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Uncomfortable images and spatial periodicity in nature, in art, and in text

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We find that ratings of discomfort from a wide variety of images can be predicted from the energy at different spatial scales in the image, as measured by the Fourier amplitude spectrum of the luminance. Whereas comfortable images show the regression of Fourier amplitude against spatial frequency common in natural scenes, uncomfortable images show a regression with disproportionately greater amplitude at spatial frequencies within two octaves of 3 cycles per degree. In six studies, the amplitude at this spatial frequency, relative to that 3 octaves below, explains variance in judgments of discomfort from art, from images constructed from filtered noise and from art in which the phase or amplitude spectra have been altered.

In a further eight studies of word reading we find that the first peak in the horizontal autocorrelation of the image of a word predicts the speed with which the word can be read, both aloud and silently. Subtlety distorting the horizontal dimension of words so as to reduce the spatial periodicity increases reading speed in poor readers.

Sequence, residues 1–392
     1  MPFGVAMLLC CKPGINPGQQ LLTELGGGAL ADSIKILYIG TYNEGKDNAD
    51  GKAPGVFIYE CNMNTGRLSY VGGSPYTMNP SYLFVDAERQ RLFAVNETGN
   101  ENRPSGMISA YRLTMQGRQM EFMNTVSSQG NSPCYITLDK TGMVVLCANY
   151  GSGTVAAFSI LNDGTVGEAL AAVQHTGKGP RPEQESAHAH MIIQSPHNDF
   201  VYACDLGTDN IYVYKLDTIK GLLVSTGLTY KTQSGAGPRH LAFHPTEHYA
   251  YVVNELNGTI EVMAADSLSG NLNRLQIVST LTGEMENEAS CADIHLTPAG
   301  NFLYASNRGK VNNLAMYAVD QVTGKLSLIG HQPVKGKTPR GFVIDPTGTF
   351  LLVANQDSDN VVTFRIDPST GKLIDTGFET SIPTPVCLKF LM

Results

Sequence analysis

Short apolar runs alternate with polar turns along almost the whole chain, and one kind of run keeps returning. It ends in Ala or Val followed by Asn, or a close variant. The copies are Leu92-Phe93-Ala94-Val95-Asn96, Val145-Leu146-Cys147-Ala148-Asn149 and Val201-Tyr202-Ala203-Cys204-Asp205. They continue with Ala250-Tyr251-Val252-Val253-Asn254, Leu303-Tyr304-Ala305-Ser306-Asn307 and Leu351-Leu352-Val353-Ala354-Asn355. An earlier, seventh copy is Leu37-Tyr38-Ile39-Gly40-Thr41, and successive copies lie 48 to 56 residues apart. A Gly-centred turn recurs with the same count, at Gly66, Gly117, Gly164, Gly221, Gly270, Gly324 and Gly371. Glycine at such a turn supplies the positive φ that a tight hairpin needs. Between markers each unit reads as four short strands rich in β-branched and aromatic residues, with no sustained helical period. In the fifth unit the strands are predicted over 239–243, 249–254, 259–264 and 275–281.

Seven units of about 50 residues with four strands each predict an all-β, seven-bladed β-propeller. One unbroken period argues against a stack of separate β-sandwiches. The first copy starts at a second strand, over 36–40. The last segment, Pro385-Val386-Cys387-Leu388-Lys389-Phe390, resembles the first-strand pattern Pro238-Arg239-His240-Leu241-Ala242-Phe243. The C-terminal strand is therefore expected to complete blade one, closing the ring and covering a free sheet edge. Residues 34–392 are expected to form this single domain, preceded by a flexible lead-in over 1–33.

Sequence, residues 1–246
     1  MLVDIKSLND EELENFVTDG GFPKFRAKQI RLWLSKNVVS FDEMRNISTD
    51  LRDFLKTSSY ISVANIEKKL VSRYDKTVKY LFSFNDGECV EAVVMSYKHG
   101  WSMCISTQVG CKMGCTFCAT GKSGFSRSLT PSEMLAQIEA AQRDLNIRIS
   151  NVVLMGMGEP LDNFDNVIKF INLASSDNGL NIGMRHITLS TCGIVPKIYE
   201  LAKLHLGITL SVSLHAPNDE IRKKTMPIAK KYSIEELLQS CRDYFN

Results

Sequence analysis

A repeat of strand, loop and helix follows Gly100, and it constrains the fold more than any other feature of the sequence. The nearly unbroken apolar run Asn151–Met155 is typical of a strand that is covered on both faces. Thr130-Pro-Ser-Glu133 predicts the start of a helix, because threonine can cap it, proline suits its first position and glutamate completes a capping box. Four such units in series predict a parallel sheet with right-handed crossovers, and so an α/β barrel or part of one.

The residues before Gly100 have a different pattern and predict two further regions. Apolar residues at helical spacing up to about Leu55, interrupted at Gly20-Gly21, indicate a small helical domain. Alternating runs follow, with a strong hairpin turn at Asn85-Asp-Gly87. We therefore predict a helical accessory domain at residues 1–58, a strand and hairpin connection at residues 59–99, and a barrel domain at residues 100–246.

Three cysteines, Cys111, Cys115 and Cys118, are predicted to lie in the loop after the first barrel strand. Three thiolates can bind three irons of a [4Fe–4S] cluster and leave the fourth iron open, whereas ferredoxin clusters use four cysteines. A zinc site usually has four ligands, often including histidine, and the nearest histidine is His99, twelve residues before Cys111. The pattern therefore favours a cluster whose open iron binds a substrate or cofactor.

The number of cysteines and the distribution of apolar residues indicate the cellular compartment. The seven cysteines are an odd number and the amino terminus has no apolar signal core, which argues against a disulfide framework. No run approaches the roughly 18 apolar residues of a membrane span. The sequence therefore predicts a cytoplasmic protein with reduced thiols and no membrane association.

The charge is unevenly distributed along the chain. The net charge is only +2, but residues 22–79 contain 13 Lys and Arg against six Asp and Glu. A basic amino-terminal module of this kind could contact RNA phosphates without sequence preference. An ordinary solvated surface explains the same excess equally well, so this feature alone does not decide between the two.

Striped patterns are known to be uncomfortable and capable of provoking headaches and seizures in susceptible persons. The present findings show for the first time that spatial periodicity may be associated with aversion and with visual inefficiency in images more complex than simple geometric patterns – images such as art and text.

We propose a simple measurement that can predict a negative public reaction to art. We propose simple changes to the design of text that can reduce the spatial periodicity

This talk is part of the Craik Club series.

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